In an 11.12 Variety essay Variety‘s Owen Gleiberman conveys general of Alexander Payne’s The Holdovers. But he also discretely pisses on its pants leg or, you know, its desert boot.

“I like The Holdovers fine; I just don’t love it,” Gleiberman states. “Like Sideways, it’s a journey of redemption. Yet Paul Giamatti‘s ancient history teacher, in his mournfully witty and gnarled misanthropic way, is such a controlled, hemmed-in character that it’s hard to feel the force, however buried, of anything wild in him.”

Gleiberman laments that Giamatti’s Paul Hunham, like SidewaysMiles Raymond, doesn’t have more volcanic turbulence inside him. But Hunham is roughly 15 years older than Raymond, and isn’t even a struggling would-be novelist. His arc, obviously, is about somehow putting aside the knee-jerk disdain and behaving more like a human being.

“But in terms of how it stacks up in this year’s awards sweepstakes, I think The Holdovers now occupies a very ironic place,” Gleiberman goes on. “It’s competing with films, like Oppenheimer and Poor Things and Maestro and Barbie and Killers of the Flower Moon, that feel far more of their own time (even though several of them are rooted in history).

“Will The Holdovers have traction, at the box office and in the awards race? If so, it could be the contender that occupies what you might call the Green Book niche — a kind of retro comfort-food zone destined to appeal to more traditional Academy voters.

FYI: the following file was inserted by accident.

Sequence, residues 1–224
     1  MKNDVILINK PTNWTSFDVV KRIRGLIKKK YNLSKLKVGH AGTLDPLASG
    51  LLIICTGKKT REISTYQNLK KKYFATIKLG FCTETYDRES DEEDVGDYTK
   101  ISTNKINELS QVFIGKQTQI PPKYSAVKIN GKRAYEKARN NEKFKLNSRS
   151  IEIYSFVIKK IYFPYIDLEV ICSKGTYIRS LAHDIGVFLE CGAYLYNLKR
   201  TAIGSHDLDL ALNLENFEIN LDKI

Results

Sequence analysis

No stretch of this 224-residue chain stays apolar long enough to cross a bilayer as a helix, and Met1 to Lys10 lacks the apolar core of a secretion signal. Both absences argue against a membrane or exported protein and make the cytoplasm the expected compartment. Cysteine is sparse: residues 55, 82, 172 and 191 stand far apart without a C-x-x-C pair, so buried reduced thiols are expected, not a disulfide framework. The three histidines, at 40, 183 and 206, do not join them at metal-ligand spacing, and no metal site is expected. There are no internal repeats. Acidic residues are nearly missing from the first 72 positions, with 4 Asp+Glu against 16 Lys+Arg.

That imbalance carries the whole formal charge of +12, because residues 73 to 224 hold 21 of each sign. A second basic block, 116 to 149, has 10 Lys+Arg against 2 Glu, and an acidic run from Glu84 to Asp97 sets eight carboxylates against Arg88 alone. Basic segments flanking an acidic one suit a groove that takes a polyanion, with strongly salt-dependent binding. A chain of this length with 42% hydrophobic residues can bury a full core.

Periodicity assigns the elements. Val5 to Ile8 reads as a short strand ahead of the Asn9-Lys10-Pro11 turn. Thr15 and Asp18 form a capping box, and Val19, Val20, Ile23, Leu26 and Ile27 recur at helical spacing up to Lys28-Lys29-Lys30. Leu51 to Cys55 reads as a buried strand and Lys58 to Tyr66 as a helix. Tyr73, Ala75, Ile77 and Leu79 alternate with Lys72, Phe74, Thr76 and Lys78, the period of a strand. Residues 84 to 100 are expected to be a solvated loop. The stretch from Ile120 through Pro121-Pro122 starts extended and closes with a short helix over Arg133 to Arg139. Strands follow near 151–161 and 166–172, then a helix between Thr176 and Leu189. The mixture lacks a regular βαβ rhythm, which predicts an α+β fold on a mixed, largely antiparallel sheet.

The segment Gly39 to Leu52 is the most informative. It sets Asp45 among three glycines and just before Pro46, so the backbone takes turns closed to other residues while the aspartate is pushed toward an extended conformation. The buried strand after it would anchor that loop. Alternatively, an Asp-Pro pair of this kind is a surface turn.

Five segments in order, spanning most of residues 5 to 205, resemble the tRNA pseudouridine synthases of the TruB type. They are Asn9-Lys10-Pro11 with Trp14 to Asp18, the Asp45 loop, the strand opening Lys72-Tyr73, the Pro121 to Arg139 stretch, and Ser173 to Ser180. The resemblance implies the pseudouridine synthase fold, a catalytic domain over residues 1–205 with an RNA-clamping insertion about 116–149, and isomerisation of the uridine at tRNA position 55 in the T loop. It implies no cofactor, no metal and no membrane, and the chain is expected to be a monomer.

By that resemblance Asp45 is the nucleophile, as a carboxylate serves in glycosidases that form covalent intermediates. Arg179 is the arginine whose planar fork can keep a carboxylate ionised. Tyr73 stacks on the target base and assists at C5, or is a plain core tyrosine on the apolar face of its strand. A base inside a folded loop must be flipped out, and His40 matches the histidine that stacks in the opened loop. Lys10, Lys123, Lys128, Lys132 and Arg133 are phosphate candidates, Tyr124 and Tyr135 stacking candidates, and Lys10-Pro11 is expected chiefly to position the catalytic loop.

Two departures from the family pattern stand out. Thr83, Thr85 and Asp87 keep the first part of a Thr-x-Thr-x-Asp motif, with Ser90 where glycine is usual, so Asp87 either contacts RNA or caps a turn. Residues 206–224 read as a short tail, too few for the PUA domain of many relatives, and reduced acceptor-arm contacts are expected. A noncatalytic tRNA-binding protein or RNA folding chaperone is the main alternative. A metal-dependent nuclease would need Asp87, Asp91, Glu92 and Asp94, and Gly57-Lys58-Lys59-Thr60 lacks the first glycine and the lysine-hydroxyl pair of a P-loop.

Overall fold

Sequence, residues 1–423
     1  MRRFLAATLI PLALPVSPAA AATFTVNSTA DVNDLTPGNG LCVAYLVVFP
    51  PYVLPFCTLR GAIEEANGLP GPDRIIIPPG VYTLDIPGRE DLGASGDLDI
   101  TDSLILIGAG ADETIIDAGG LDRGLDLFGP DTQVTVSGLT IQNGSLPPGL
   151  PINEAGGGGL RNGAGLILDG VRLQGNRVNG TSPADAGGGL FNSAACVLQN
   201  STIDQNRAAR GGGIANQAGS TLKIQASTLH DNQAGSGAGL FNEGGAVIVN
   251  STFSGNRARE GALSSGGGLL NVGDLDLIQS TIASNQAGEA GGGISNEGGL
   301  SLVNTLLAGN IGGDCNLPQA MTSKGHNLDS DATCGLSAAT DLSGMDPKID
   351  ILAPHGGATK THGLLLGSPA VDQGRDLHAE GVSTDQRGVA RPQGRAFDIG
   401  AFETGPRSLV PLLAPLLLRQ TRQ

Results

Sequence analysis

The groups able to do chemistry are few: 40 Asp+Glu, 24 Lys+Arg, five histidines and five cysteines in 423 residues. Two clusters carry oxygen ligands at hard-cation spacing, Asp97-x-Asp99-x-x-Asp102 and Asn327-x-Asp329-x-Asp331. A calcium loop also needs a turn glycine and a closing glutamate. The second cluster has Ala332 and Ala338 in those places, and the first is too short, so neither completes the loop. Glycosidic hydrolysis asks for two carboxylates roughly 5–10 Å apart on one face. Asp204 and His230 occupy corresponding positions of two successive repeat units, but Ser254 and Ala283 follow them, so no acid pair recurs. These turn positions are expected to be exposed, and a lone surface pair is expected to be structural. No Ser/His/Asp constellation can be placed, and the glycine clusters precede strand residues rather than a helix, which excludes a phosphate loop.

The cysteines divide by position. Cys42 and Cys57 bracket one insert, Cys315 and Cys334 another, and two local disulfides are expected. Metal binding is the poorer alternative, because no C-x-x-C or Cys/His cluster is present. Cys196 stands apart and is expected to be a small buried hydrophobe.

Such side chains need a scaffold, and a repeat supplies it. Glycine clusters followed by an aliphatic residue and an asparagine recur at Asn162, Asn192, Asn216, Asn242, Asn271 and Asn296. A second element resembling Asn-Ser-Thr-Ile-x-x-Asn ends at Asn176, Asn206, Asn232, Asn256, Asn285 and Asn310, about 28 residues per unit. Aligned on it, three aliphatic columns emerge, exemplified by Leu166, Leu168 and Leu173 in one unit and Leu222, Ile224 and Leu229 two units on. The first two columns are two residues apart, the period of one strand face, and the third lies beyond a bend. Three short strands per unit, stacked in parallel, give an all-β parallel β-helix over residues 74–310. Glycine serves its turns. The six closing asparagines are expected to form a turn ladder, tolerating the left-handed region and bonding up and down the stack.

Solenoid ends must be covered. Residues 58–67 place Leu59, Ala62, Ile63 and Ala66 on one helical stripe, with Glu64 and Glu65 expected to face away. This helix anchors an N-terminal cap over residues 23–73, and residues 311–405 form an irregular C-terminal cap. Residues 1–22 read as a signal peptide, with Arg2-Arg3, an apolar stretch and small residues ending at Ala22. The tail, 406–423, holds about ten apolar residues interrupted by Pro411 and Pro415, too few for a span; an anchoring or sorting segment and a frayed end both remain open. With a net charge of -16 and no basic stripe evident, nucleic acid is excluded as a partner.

“For The Holdovers is at heart an odyssey of nostalgia that’s being sold as a holiday feel-good movie. The grand and rather nagging paradox at the heart of the film is that it’s a planned-out version of a ‘free form’ movie. The ’70s film it most recalls is The Last Detail, the Hal Ashby classic about three sailors, led by Jack Nicholson, wandering from city to city on a quiet odyssey of remorseful discovery.

“Watching The Last Detail, you always feel like you’re glimpsing lives that extend beyond the frame of the movie itself. The Holdovers, by contrast, is a movie where you can feel the calculation that went into every last detail.”

That’s not fair. Are you going to tell me, Owen, that Last Detail screenwriter Robert Towne didn’t carefully rewrite and hone and chisel every last line so it would deliver just so? Of course he did, and then Ashby and Nicholson probably chiselled and refined and maybe improvised a bit more on a page-by-page basis.